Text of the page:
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Another Homemade Smokehouse (with a twist) - Page 2

post #21 of 38
Thanks for the idea on your smokehouse .. I basing my build pretty much like your. Mine is 4x4x7. I plan on making my sausage racks like your, from front to back. Still have the inside to do. It will be heated by double burner camp stove 15000 Btu. Thanks again for the ideas!!
post #22 of 38

I'm really happy that sketter11205 bumped this thread - this smoker looks awesome. Adding it to my "someday" list. THANKS

post #23 of 38
Thread Starter 
And it smokes great, too. Holds temp within just a few degrees over and under with the IQ device. Cold smoked large batches of sausage, bacon, and ham. And have smoked up as many as a dozen 8 to 9 lb butts at once for a couple of fundraisers. Nothing like the flavor of a lump and wood heat source. Thanks for the kind comments.
post #24 of 38

very nice

post #25 of 38

I'm glad it worked well for you....     2thumbs.gif

post #26 of 38

Looks Great. I believe I will steal your design. That PitMaster IQ can handle that kind of volume huh? I am considering double walling mine to insulate it a bit better so I can control the temp a bit better in inclement weather. How did it turn out for you? Looked like you were trying it out is cold weather yourself.

post #27 of 38
Thread Starter 



This is an old thread, but the smokehouse is still smoking.  I haven't used it in the dead of the new england winters to hot smoke but it sure works grerat for cold or warm smoking bacon, ham, sausage, etc.  Just be sure to have the IQ handle the air flow.  Make a pretty tight box with a vent and you'll be good.  Also, the heat is good because of the vertical design.  Don't go too wide or deep.

post #28 of 38

Thanks. I think I may use this design, but add a second layer so I can insulate it to use in the colder months. The IQ did a good job of regulating temp in that volume? I contacted them and they said it would work. I'm assuming that was your experience?

post #29 of 38
Thread Starter 

Lke I said....just keep it vertical and not too wide.  I actually was surprised at how accurate that IQ was.  Once it got to temp, it was always within a few degrees of set temp.  Since I bought that they have a new model, but the 110 I have works for me just fine.  Just one suggestion I found.  Its not a bad idea to stand on end some split firebricks or pavers along the inner perimeter of the smoker to protect the inner wall from the heat.  Best of luck.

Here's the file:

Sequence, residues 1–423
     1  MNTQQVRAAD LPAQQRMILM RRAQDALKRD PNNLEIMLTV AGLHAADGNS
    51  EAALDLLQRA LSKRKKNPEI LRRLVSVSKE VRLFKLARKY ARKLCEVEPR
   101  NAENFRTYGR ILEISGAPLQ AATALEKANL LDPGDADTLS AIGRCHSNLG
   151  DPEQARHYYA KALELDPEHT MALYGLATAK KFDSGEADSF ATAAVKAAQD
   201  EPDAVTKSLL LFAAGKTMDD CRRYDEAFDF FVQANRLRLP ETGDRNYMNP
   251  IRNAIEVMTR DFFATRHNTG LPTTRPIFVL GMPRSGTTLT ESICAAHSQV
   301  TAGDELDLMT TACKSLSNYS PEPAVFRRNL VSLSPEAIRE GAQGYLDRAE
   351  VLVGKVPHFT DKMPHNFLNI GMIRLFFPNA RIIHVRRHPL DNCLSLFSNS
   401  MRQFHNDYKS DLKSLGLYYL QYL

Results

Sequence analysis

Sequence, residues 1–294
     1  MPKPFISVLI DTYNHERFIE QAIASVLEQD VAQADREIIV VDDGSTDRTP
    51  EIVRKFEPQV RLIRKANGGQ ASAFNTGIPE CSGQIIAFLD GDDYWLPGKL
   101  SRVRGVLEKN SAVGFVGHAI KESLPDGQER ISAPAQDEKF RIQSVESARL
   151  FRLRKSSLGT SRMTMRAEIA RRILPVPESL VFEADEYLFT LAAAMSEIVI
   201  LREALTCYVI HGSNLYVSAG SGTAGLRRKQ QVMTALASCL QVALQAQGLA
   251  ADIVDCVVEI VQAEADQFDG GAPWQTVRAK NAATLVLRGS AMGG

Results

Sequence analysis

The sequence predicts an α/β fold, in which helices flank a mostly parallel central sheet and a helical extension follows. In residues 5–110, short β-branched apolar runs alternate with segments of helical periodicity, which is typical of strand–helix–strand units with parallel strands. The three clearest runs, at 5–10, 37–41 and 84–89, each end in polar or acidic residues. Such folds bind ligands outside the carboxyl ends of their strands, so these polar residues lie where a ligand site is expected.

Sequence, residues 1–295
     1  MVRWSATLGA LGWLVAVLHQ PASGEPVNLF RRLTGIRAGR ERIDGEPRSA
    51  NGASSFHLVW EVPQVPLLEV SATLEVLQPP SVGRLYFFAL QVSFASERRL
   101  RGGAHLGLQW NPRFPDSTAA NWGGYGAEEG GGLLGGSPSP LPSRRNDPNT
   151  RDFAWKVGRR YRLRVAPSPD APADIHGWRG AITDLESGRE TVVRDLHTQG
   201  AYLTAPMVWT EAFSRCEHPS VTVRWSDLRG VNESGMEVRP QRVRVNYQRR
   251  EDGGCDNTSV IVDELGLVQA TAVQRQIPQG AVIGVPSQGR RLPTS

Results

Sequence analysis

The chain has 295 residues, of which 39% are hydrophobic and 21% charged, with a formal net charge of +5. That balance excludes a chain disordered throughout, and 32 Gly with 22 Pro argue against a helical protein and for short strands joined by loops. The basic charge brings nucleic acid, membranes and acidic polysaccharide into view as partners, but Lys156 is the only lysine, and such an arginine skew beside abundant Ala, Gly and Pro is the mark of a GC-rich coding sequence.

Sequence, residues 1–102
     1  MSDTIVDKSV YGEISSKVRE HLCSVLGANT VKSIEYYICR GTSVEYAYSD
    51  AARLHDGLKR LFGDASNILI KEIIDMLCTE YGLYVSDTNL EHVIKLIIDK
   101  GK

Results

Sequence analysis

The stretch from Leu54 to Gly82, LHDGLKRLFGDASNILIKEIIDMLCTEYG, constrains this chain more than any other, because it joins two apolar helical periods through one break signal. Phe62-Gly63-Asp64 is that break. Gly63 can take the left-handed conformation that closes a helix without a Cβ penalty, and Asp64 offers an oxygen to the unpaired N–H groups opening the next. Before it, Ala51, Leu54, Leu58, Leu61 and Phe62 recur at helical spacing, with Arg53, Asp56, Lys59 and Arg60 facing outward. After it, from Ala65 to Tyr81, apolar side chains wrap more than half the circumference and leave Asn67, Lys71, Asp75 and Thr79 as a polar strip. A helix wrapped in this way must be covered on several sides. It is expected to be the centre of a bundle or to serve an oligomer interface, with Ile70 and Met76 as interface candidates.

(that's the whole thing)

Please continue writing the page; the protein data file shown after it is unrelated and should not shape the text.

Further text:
post #30 of 38

Have you any issues with the temp and wood? I am thinking about building a wood shell smoker like this and wonder if the wood will have issues with temps in the 225-250 range? You mentioned putting some firebrick on the inside, would this go all the way up the walls?


Thanks for sharing this smoker - it's got me thinking...

post #31 of 38
Thread Starter 
Just on the floor and around the perimeter base around the fire pit.
post #32 of 38

Have you seen any issues with temp on the wood higher up the smoker? Does the plywood handle 225-250 OK?

post #33 of 38

What do you guys think of making it a double wall with 1 1/2" gap that was insulated?  Would that help keep the heat up and help in winter?

post #34 of 38

I was thinking about this also. What are you thinking of for insulation material?

post #35 of 38

Didn't know if the foil lined foam board from Home Depot would work or not.

post #36 of 38

What kind of plywood is that ??? would 11/32 in. x 4 ft. x 8 ft. Rtd Southern Yellow Pine Plywood Sheathing work or what should i use.



post #37 of 38
Thread Starter 

Thats 3/4 cabinetmakers plywood sanded both sides left over from a project. I'd go heavier that 11/32.

post #38 of 38

I realize that this is an old thread, and I am thinking about building my own smoker too, but I am curious to know if there is any concern about the glue that is used in the production of plywood? As the plywood heats, since the glue is probably not food-grade, is there any chance that there will be a problem with the glue? Should I be concerned about whether there might be any kind of toxins generated from the glue being heated up? I am also curious if standard construction grade plywood will work or maybe an exterior grade would be better?


For my build, I am thinking that 1/2" plywood over a stick frame would work. My concern is if there might be a problem with the glue used for the plywood or staining/painting or poly-type finishes.

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